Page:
Friday, July 04, 2008

Going Out of Business 2008-Style.

Wickes Furniture. Levitz. Sharper Image. KB Toys. Skybus. CompUSA. Select outlets in chains such as Eddie Bauer, Ann Taylor, Lane Bryant, Fashion Bug, Gap, Foot Locker, Zales, Sprint Nextel, Wilsons Leather,Pacific Sunwear, and Home Depot. General Motors (??) The last time I Googled "going out of business sale 2008" and limited my search to the previous month, I got 1,960,000 hits. Rumors of a coming recession from three years ago have morphed into concerns about a full-on, 30's-style Depression. Besides the fact that malls nationwide are going to get increasingly desolate, the amount of jobs cut is likely to be staggering. Perhaps Walmart will take up the slack, but somehow I doubt it.

In a society with members increasingly defined by consumer "lifestyle", there are going to be a lot of lost individuals stumbling about in the coming years. It might be a good time to look for identification elsewhere. When the shit hits the fan, it's not going to matter what brand of handbag you are carrying. Forget airplane travel... if you can afford to fill your tank, you will be deemed a success- especially if you still have a job to commute to. It's time to re-establish your relationships to the simpler pleasures in life. Take your kids to the park and the library. Have a good ol' fashioned backyard barbecue. Learn to enjoy gardening. Dig a well on the periphery of your property. Install solar panels. Buy a gun and learn to use it.

Things just may get nasty this time around. People have grown up expecting material prosperity. Very few folks planned on doing worse than their parents. Our youth have been force-fed on the myths of perpetual financial growth and the promise of unfettered Capitalism. But what happens when the bulk of the population figures out that it is really a zero sum game? I hope there are some natural barriers between your neighborhood and the poorer ones. Because a significant proportion of the population is going to be severely under-prepared for the coming hardships. And they are going to be desperate, and driven by a sense that they have nothing to lose. The concept of ill-gotten goods may disappear.

Some pundits will tell you to buy gold. They will point out that the US dollar is not officially backed up by anything. For the most part this is true. The perception of value is the only thing that underscores our currency. The truth is that cheap energy (in the form of oil) has bolstered our economy for years. Foreign nations have had to keep a reserve of US dollars in order to buy oil. Now several oil-producing countries are starting to accept other currencies. Sometime during the Bush Administration the US lost its superpower status. If that weren't the case, nobody would be suggesting you invest your wealth in precious metals. What's going unsaid is that gold lacks inherent value as well. There's no reason that people should agree to consider the substance precious- besides tradition.

Food. Clean Water. Fuel. Shelter. Guns. These things will retain their value no matter what happens in the world. But perhaps we won't get to that point. Maybe this whole thing is overblown. The federal government might just tighten up and maintain basic order. However the basic assumptions within our society will inevitably have to change. For those unstinting proponents of the "free market", there's a lot of frustration coming down the pike. How long do you really expect "socialism" to be considered an evil monster by a growing underclass? Without the promise of infinite wealth, collectivism looks increasingly attractive to frustrated citizens. Taxing the rich may not remain so unpopular in the near future. We may see a "Newer Deal" within our lifetimes. Or maybe we'll cease to exist as a coherent society.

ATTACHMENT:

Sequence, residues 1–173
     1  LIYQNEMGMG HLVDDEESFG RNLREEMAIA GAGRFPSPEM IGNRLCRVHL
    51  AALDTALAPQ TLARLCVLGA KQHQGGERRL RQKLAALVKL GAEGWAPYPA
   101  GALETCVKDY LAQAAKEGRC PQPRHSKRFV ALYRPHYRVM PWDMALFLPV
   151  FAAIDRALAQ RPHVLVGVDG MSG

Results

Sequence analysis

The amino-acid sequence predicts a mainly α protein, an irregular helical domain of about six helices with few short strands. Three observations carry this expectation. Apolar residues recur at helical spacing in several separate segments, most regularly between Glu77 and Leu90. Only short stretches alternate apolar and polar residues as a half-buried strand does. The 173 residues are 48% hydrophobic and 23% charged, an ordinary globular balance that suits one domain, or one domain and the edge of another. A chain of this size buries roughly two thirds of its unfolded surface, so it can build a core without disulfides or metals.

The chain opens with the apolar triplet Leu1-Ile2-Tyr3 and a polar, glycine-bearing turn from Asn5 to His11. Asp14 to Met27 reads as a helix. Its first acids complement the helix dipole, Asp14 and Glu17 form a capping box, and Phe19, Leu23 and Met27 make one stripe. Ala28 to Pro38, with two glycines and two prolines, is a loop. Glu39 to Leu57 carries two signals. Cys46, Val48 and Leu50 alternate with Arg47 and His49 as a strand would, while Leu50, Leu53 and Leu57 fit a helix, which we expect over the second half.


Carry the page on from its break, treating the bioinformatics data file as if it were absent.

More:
Labels: , , ,


Blogger Rick Byerly said...

a catch 22 here is that if enough people slam on the brakes and cut back their spending to the extreme it will create a recession/depression of it's own. 2/3 of the u.s. economy is consumer spending so it's a self-perpetuating paradox of sorts.

as far as a new deal i for one can't support more government involvement given the nature of how congress and the 2 party system works. we need change for sure, but not the rhetoric which comes from the 2 party system which has handed us the last 8 years or so.

just my 2 cents

10:55 AM  
Blogger Ryan said...

I clearly see all of your points here and from everything i can piece together, whether I like it or not, I think the US will be heading down the collectivist path at a much quicker rate in the next few years.

I agree with your postion on gold holding no intrinsic value as well but would add that, like federal reserve notes, you might be able to count on enough people buying into the percieved value of the metal to increase it's value even further during an economic crisis. Certainly if anyone had bought gold or silver at the 'rumors of a coming recession from three years ago' they would be able to buy quite a bit more food, fuel, water, shelter and guns today.

Spot Gold Price July 7th 2005

Spot Gold Price July 8th 2008
(as i write)

I think there is more than a little room to grow here too and there are certainly bigger gambles that you could take. Maybe think of it as a little bit of insurance that you might be able to collect on someday. It's my opinion that silver has a higher potential upside, due to, among other things, growing industrial use in developing countries.

2:26 PM  
Blogger Merge Divide said...

Hey Ryan,

I remember that we talked about this several years ago. I never did buy any, but I considered it. I'm shying away at the current price.

Silver, eh?

4:38 PM  
Anonymous Anonymous said...

Seriously Merge, the word hypocrite comes to mind. Inflation is the hallmark and calling card of the kind of statist society you are always rooting for.

Here are the words of a young Alan Greenspan on gold.

"In the absence of the gold standard, there is no way to protect savings from confiscation through inflation. There is no safe store of value. If there were, the government would have to make its holding illegal, as was done in the case of gold. If everyone decided, for example, to convert all his bank deposits to silver or copper or any other good, and thereafter declined to accept checks as payment for goods, bank deposits would lose their purchasing power and government-created bank credit would be worthless as a claim on goods. The financial policy of the welfare state requires that there be no way for the owners of wealth to protect themselves.